Who Is Elias Openshaw on 'Elementary'? The Classic Sherlock Holmes Character Has Probably Undergone Changes

"The Five Orange Pipz" may seem like a wacky title for an Elementary episode, but it comes straight from a story by Sir Arthur Conan Doyle, minus a slight change in spelling. CBS' Elementary has always played fast and loose with its source material, which makes sense for the tone they're trying to achieve. This has led to some incredible highs (Irene Adler is Moriarty!) and some unfortunate lows (most of the procedural aspects of the series). But the Sherlock Holmes story this episode draws its name from, The Orange Pips, is weird —to put it nicely. It involves mysterious deaths, odd letters, and the KKK. Yes, you heard right. The Ku Klux Klan figures heavily into the story and are behind the various murders. Will the show stick closely to this story? And who is the mysterious Elias Openshaw at the heart of it?For those that don't know, the orange pips referenced in the title are basically orange seeds. How do they figure into the story? They are a warning. When the KKK puts them in letters, it lets the receiver know life is about to take a deadly turn. Sherlock Holmes takes the case when the young John Openshaw seeks him out. He tells Sherlock a strange story with his uncle, Elias Openshaw, at the center of it all. It starts with Elias returning to England after spending time in the United States serving as a Colonel in the Confederate Army.

Strange incidents occur when John begins staying with Elias, including Elias receiving a letter with five orange seeds and growing exceedingly paranoid afterwards. Then come the murders that are construed mostly as accidents. Elias goes first. Then John's father dies in a supposed accident soon after receiving his own letter with orange seeds.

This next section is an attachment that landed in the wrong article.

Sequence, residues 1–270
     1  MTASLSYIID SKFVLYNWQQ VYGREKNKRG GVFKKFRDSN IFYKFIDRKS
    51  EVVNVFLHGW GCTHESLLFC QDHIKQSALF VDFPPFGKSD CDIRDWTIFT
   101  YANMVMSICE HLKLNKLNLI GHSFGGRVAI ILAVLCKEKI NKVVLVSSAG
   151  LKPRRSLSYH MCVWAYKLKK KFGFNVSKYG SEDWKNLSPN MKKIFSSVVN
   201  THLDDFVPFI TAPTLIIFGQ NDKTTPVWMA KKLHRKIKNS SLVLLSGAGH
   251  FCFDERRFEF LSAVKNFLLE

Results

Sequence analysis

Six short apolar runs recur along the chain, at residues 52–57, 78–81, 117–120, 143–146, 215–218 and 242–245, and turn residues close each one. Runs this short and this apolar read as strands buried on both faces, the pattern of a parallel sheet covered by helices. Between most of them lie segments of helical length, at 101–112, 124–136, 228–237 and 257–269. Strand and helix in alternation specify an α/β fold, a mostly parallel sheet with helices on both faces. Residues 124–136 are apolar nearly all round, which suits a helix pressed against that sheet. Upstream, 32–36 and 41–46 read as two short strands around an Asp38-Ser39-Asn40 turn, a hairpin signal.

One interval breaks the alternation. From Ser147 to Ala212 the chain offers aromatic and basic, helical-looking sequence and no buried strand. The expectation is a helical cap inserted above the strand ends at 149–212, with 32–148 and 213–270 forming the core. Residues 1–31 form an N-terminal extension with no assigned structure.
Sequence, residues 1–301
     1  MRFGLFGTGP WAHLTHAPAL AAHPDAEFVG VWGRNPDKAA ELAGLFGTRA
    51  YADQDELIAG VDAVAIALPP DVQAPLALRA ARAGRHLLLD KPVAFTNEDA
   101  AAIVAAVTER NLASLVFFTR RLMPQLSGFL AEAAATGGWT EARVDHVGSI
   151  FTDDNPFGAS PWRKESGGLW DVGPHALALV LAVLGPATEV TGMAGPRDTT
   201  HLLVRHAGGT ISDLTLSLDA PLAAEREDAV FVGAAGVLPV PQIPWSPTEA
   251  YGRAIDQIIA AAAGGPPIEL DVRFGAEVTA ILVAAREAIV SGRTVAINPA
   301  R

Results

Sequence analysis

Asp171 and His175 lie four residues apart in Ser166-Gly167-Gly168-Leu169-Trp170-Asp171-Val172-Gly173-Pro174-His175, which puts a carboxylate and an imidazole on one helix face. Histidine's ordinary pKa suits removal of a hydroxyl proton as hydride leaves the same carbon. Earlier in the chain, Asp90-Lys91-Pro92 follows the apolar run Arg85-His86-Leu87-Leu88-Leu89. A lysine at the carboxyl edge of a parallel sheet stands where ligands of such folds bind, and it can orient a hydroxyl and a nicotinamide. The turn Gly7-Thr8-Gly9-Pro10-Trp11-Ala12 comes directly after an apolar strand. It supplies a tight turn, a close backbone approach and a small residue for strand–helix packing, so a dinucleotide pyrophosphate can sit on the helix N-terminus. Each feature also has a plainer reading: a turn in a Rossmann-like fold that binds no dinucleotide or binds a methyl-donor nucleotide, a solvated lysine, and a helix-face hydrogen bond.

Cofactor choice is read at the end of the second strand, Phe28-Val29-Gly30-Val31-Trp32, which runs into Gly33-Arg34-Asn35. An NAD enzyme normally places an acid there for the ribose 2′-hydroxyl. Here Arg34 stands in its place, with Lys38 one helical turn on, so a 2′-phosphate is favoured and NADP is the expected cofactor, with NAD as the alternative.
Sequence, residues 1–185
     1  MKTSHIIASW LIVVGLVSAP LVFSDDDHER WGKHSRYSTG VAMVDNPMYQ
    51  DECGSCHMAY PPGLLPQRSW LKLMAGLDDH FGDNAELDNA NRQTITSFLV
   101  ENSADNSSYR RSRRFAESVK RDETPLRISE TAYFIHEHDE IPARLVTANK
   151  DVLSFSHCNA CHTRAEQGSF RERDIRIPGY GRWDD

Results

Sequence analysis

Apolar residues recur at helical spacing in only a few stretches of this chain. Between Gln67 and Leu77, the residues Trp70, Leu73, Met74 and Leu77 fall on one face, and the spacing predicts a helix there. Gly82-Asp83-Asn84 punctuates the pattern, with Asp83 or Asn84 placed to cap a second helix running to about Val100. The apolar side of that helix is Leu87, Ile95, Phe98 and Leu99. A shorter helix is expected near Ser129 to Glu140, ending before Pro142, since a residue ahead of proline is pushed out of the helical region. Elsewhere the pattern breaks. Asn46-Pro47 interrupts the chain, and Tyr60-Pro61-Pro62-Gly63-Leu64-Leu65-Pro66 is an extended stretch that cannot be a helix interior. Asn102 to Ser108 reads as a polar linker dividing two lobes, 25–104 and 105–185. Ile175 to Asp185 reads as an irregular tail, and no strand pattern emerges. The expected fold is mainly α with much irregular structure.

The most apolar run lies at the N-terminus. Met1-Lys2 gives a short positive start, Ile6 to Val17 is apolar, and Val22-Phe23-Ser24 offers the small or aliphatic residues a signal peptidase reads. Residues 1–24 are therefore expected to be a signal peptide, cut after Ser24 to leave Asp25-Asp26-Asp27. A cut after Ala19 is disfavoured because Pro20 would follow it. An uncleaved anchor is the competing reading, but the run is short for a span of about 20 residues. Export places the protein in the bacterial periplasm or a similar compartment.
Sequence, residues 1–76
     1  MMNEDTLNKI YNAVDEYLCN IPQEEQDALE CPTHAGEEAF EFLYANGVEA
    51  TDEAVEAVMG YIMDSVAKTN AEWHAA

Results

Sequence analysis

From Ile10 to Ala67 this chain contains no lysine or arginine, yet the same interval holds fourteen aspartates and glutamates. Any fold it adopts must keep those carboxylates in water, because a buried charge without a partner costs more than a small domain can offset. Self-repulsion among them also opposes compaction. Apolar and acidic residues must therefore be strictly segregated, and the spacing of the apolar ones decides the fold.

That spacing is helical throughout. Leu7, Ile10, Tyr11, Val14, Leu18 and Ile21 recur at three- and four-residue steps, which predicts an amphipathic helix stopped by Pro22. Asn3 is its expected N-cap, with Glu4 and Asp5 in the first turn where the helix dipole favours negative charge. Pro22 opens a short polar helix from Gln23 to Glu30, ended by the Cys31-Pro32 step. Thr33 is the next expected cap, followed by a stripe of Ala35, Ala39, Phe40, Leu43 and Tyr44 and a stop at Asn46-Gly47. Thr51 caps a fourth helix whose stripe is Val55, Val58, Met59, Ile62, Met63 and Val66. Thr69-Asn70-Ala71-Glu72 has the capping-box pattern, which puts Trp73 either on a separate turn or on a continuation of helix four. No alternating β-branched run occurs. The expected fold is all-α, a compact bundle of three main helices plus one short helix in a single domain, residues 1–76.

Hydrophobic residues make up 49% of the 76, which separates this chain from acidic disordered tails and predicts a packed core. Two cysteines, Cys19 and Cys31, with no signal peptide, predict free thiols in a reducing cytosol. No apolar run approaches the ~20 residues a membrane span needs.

Sherlock is able to deduce the true identity of the killer even with scant evidence. But he isn't able to save John, whose body is found in the River Thames and ruled an accidental death. While Sherlock is able to figure things out, the story doesn't have much of a resolution, since the boat the killers were on is declared lost at sea. Got all that?

Elementary has dealt with heavy subject matter before, but it still manages to have a sense of levity. None of the promos for this episode even hint at the KKK angle from the short story. Curiously, the only Openshaw mentioned in the cast is Elias, played by John Rothman. That probably means the writers behind Elementary are using the story as a jumping off point, rather than creating a faithful adaptation. I suspect that the unseemly nature of Elias will remain in tact, but whether that means uncovering his racism remains to be seen. The writers have probably combined characters and have left Elias alive while the two murders that are mentioned in the episode description could be that of his nephew and brother.

Will the show include the heinous KKK? Will Sherlock and Watson find a resolution unlike their literary counterparts? Various behind-the-scenes information and promos haven't alluded to the answers of those questions. No matter what direction the episode takes, I expect it to continue upholding the awesomeness that kicked off this season in its great premiere episode.

Images: Jeff Neumann/CBS (2), Giphy